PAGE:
A British supermarket boss recently confessed to me that his greatest nightmare was not a domestic peer outperforming him but the prospect of ecommerce titan Amazon moving wholeheartedly into fresh groceries in the UK. As he spoke, what was evident was his lack of a plan. The tsunami was coming and it seemed he was not going to be doing much to prepare for it.
It was depressing hearing him, not least because Amazon’s rise was hardly news. If anything, food is simply among the last targets to fall. Surely, when Amazon first appeared, this seasoned UK industry chief and his executives should have asked where it could lead. Judging by his hesitant demeanour, they had not. Rather, they’d watched and waited as, one by one, markets fell. And now it was their turn.
This story is being repeated in sector after sector. As any artisanal coffee shop customer in San Francisco, Shanghai or Shoreditch will tell you, we live in the age of the disruptor. What Amazon has done to the high street, Google and Facebook have done to advertising, Netflix to film and TV distribution, Uber to minicabs, Airbnb to hotels – and that’s just the start.
It isn’t only in business. Politics and public service now have their champion disruptors: the US president, Donald Trump, has been hailed as “the disruptor in chief”; in the UK, the prime minister’s adviser Dominic Cummings clearly sees his role as tearing up the old Westminster and Whitehall order.
For every disruptor, of course, there must be someone disrupted. Officials in the US and UK remain deeply uneasy at the prospect of what Trump or Cummings could do next. Blue-chip business leaders, meanwhile, live in fear of a start-up coming along, transforming their industry, decimating their profits and wiping out their legacy.
Boris Johnson and Dominic Cummings (right).
But as the late Harvard Business School professor Clayton Christensen wrote when he introduced the world to the theory of disruptive innovation in his 1997 book The Innovator’s Dilemma, there is nothing inevitable about any of this. For Christensen, disruption wasn’t about how hotshot start-ups with breakthrough technologies or business models outcompeted much larger incumbents. It was about why the incumbents failed to defeat the newcomers while they still had the chance.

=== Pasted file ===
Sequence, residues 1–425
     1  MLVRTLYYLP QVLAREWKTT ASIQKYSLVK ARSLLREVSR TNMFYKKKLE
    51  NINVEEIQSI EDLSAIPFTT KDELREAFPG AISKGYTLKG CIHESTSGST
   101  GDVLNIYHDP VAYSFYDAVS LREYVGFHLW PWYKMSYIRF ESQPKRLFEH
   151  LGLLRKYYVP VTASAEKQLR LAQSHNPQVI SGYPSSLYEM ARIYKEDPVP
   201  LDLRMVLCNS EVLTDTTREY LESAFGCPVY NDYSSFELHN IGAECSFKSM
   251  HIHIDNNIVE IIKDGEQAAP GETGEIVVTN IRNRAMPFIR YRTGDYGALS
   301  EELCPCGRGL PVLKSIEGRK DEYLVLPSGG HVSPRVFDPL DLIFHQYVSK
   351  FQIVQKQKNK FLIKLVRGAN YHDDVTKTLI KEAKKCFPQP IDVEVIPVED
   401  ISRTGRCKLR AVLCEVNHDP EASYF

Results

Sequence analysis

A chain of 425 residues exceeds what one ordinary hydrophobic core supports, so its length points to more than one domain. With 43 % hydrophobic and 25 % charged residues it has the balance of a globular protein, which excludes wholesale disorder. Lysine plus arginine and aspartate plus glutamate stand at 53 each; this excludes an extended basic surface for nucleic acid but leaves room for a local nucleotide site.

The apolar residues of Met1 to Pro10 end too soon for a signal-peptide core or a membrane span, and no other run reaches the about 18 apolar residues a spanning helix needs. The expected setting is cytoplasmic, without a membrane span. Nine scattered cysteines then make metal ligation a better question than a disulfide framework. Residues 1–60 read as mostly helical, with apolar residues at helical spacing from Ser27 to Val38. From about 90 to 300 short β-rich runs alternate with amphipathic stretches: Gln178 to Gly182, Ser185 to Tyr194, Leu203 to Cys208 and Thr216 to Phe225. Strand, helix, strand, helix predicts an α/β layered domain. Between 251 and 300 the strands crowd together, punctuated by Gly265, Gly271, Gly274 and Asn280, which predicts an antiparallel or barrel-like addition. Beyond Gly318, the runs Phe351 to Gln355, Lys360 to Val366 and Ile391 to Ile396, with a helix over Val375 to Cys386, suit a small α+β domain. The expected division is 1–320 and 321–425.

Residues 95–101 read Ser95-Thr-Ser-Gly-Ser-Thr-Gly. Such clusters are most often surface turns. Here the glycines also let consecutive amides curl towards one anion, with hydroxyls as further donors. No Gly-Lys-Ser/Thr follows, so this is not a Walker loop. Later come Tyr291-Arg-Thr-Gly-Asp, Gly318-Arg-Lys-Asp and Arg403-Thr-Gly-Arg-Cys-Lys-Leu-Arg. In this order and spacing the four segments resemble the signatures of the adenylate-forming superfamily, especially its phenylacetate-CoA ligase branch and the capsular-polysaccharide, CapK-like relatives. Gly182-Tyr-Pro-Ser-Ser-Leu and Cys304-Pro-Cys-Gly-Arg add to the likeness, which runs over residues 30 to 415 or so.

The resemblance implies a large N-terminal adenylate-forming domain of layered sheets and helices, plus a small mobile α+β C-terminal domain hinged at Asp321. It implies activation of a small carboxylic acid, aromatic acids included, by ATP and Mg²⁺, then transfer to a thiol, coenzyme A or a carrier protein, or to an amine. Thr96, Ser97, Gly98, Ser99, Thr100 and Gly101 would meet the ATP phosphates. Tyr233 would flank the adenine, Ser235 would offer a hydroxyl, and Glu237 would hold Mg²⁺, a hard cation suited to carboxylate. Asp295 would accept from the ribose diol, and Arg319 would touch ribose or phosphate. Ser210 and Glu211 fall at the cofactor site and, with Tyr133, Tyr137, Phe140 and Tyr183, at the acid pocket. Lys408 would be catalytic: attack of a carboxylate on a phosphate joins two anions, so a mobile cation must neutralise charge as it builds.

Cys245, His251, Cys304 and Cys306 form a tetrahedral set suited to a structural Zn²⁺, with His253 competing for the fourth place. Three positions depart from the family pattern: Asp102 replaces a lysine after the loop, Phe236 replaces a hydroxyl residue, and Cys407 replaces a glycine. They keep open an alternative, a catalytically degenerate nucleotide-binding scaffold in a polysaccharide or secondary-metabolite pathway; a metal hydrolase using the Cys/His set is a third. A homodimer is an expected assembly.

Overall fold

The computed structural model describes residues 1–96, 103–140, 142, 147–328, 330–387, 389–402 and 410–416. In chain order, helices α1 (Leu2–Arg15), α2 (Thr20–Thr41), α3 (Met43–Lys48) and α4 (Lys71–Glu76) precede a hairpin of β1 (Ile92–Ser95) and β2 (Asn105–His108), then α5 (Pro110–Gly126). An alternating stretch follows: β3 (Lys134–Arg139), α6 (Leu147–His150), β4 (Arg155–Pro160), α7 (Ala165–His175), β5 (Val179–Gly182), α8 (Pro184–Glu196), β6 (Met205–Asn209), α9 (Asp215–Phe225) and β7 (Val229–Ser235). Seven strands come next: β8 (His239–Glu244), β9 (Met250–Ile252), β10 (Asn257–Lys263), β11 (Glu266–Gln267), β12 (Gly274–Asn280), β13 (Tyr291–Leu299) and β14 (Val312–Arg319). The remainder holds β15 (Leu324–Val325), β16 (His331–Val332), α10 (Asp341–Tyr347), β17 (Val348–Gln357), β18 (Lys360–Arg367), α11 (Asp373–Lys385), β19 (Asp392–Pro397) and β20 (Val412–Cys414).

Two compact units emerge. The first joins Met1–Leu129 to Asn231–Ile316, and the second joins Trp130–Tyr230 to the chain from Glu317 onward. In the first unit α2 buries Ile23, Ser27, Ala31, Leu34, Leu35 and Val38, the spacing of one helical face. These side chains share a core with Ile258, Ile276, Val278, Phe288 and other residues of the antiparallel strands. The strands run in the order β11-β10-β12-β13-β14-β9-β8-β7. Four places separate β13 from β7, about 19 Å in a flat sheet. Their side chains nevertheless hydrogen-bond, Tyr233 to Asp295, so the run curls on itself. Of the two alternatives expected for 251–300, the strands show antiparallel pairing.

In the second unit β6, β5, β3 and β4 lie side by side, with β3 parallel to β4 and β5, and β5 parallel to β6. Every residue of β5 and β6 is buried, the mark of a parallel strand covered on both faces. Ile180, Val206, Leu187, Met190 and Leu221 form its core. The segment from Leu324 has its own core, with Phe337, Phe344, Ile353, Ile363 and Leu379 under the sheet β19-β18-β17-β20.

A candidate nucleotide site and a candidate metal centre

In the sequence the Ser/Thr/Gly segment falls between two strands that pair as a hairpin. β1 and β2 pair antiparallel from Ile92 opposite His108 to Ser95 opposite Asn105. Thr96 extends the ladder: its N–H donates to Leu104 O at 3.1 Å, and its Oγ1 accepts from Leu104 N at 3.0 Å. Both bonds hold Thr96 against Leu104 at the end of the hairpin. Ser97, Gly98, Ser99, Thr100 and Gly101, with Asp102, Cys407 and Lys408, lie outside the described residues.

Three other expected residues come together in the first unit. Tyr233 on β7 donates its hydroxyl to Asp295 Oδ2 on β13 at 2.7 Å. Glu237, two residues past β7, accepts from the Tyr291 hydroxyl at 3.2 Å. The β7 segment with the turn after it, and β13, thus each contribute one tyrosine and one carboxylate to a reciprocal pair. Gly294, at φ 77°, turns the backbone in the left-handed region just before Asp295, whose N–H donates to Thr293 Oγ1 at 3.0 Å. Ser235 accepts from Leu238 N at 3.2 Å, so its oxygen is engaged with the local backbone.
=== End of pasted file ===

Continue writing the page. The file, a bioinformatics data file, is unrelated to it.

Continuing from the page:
Think about the weapons in a typical big company’s arsenal. Economies of scale. Brand power. Long-term relationships with distributors and suppliers. Intellectual property jealously protected by teams of lawyers. Significant cash reserves and the facility to borrow millions from the bank at short notice. With these, it shouldn’t be too difficult to see off a new entrant by mimicking and improving its technology and then undercutting it. In fact, the question that exercised Christensen was why this didn’t always happen.
His conclusion was that sometimes the incumbents failed to recognise a market-reinventing innovation when they saw it because the innovation didn’t initially threaten them. Disruptors, Christensen wrote, enter the market at a low price point with simple products, only later competing for the high-value customers from whom the incumbents make their money.
“While I was starting to see a pattern of the low-end companies quickly rising to prominence and challenging established leaders, it wasn’t until I went out to Silicon Valley and spoke with executives in the space that I fully grasped how incapable incumbent leaders are of responding to disruptive entrants,” Christensen told the MIT Sloan Management Review shortly before his death earlier this year.
The failure of market leaders to react to disruptors with sufficient vigour and urgency isn’t always because they can’t see the threat coming, however. Nearly a quarter of a century after Christensen’s book was published, the disruptors are alive and kicking but their profile has changed, says Rita Gunther McGrath, professor at Columbia Business School.
“The critical difference is that they now enter the market with products and services that are every bit as good as those offered by legacy companies,” she wrote in an article for MIT Sloan Management Review. Increasingly disruptors like Dollar Shave Club, the California company that delivers personal grooming products to customers by post, are entering the market with high-quality offerings as barriers to entry have dropped and venture capital funding has grown. The supermarket chief executive who confided his terror of Amazon knew the threat he faced, he just didn’t know what to do about it.
Amazon's rolling out of home delivery across ever more sectors is threatening traditional retailers.
Some businesses, however, seem to be a lot more adept at dealing with the threat of a disruptor, and the tactics they employ can be quite underhand. “What we don’t understand,” a financial services disruptor told me, “is how, whenever we go to a new overseas market, the local politicians and media seem to know we’re coming and they always accuse us of being bad.”